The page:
Last Christmas in Paris: A Novel of World War I by Hazel Gaynor and Heather Webb opens with the beginning of WWI. Two friends from childhood, Will Elliott and Thomas Harding, head out for France to fight, enthusiastically expecting the war to be over by Christmas. Then they plan to meet Will’s sister, Evie, and her friend, Alice, in Paris for Christmas to celebrate.
But of course the war drags on much longer than the few months til Christmas.
Evie writes Will and Thomas with all the support and hope she can send. Will is not much of a writer, so Evie gets most of her news about him from Tom.
Over time, enthusiasm and naiveté wanes and the realities of war weigh them all down. Tom gets more discouraged by what he has seen and has to do.
Tom also faces pressure from his father’s illness and business troubles. His father owns and operates the London Daily Times and always planned for Tom to follow in his footsteps. Tom’s interests fall more into a literary and scholarly vein, and he has no interest in the newspaper, which causes tension with his father. But when his father falls ill, Tom is consulted. He can’t do much from France, so he asks his cousin, John, to step in. There has been some longstanding feud between Tom’s and John’s families, but Tom never knew what it was all about, and he has to hope John will keep the paper’s best interests in mind.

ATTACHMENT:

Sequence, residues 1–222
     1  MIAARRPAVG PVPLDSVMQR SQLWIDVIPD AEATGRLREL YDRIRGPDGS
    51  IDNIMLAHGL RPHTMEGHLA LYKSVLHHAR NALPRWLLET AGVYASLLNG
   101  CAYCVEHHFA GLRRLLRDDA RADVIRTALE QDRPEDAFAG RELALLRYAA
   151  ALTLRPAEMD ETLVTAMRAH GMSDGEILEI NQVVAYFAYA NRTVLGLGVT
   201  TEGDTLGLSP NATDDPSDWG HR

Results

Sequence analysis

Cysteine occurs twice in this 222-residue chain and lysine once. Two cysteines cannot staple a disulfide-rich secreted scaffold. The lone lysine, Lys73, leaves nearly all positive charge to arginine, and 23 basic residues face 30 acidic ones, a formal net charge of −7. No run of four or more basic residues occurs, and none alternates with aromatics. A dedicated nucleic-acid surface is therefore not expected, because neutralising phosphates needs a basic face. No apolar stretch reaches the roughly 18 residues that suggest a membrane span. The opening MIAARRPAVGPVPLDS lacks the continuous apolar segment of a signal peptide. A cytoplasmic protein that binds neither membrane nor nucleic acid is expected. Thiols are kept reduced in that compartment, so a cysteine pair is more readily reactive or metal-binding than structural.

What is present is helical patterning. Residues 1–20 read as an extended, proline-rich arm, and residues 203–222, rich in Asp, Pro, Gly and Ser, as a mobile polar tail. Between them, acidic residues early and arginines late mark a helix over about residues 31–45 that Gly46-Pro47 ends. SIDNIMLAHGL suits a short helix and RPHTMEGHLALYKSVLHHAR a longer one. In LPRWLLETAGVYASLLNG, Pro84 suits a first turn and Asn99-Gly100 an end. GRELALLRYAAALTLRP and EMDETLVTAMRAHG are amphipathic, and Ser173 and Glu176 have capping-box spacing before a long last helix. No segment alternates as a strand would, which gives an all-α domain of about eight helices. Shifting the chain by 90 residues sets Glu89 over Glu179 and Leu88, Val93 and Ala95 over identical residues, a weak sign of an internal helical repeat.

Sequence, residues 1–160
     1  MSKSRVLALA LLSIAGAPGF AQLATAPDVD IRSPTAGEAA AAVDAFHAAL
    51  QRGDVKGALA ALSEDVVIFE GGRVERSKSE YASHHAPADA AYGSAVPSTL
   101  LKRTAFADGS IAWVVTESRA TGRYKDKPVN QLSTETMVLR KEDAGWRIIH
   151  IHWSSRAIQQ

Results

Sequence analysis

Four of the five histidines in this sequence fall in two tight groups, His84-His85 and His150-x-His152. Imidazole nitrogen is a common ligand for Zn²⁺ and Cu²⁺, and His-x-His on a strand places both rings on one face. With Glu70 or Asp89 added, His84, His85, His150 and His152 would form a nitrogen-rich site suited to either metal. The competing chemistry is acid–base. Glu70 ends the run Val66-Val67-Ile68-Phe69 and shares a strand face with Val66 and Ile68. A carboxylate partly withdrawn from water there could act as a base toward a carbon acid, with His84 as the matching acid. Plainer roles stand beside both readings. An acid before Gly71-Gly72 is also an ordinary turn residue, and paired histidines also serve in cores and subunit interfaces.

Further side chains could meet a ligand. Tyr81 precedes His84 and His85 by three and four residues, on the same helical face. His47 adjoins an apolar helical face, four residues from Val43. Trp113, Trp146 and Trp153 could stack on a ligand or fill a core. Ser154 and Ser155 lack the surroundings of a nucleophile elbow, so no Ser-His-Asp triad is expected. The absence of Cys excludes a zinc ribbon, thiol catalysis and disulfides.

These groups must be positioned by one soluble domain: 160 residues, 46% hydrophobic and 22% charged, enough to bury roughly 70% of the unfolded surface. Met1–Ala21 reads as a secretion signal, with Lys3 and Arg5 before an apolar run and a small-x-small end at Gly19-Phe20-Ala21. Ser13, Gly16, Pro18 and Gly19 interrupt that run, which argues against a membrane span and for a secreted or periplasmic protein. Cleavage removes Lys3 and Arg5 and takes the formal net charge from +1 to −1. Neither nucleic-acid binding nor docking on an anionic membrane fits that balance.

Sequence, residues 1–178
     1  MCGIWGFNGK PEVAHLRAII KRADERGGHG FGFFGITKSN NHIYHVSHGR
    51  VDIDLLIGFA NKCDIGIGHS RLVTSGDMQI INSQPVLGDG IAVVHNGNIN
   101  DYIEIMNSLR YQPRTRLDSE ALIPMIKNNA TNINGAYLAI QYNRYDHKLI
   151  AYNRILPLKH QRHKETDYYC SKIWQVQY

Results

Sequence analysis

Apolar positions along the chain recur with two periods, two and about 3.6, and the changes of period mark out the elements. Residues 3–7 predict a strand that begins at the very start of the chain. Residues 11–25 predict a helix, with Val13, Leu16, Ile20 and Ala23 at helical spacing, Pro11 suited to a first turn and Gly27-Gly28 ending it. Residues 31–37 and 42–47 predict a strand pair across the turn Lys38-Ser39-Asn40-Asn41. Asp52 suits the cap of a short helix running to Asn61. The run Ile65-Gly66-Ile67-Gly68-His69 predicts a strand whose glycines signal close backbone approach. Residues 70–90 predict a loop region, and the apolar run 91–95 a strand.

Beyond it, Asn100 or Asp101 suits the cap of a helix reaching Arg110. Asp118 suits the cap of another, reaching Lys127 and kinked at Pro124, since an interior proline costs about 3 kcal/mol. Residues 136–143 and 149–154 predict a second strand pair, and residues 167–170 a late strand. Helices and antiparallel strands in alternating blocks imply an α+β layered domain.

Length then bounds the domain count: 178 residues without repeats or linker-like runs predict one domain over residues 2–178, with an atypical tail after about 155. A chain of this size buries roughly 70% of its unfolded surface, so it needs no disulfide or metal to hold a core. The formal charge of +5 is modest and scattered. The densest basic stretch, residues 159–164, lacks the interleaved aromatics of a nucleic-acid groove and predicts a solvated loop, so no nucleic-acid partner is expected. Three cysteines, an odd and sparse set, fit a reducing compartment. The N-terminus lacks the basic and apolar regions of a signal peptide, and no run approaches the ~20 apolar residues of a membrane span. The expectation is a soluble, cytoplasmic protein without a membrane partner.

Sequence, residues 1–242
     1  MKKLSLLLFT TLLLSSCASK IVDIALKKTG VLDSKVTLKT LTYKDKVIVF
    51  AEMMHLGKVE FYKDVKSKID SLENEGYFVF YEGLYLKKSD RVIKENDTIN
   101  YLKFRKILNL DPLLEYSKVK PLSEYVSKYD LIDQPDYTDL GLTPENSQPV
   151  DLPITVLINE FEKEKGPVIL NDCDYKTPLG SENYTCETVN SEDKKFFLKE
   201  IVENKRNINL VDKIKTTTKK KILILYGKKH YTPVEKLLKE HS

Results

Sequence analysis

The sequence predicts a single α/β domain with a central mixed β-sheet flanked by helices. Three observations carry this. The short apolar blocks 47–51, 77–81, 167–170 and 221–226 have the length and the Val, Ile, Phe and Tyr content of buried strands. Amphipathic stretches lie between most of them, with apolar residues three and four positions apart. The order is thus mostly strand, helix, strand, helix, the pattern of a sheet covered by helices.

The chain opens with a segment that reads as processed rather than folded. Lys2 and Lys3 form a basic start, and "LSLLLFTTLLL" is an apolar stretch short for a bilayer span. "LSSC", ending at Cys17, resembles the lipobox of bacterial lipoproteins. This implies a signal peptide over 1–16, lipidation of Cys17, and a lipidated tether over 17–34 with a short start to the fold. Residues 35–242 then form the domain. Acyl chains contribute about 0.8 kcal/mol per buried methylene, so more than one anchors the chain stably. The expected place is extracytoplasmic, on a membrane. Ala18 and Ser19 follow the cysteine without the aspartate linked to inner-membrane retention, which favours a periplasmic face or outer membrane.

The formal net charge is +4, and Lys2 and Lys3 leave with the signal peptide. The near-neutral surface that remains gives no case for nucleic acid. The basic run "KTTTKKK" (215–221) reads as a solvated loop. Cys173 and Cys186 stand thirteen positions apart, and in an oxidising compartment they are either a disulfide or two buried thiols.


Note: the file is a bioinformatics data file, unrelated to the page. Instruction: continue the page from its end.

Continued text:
Evie, meanwhile, chafes at home. She wants to do something to help, but her mother insists that for girls in her class, the only acceptable activity is aiding her mother with her charities and looking for a suitable husband. But Evie branches out from her protective gilded cage. Though she puts herself at risk, she also grows through her efforts.
The book opens with an aged and ill Thomas planning to go to Paris for Christmas in 1968 to read one last letter from Evie. Most of the book is made up of letters, mostly between Tom and Evie, but also with Will, Alice, their parents, and Tom’s contacts at his father’s business. At different places throughout the novel, the scene switches back to Tom and his current situation and reflections over his life.
This book was not in my Christmas reading plans, not even on my radar until Becky mentioned it. It sounded interesting, and I needed a new audiobook, so I got it. Epistolary novels are not my favorite style of writing, but I have enjoyed some.
I am so glad I listened to this book. I enjoy historical fiction, and not as many books are written about the first world war. I like how this one shared details of everyday life in England as well as on the front.
But mostly I enjoyed the growth of Evie and Tom’s characters and their relationship with each other. From lighthearted banter to lifting each other up from the deepest discouragement, from heartbreak to hope, from misunderstanding to shared poetry, they get to know one another better than they ever had before but almost miss each other in the end.
Though there is some mention of God and prayer, this is a secular book. It has maybe three bad words, but is remarkably clean.
The audiobook is excellently done, with different narrators for the different characters.
This is a beautiful book, and I am so glad I listened to it.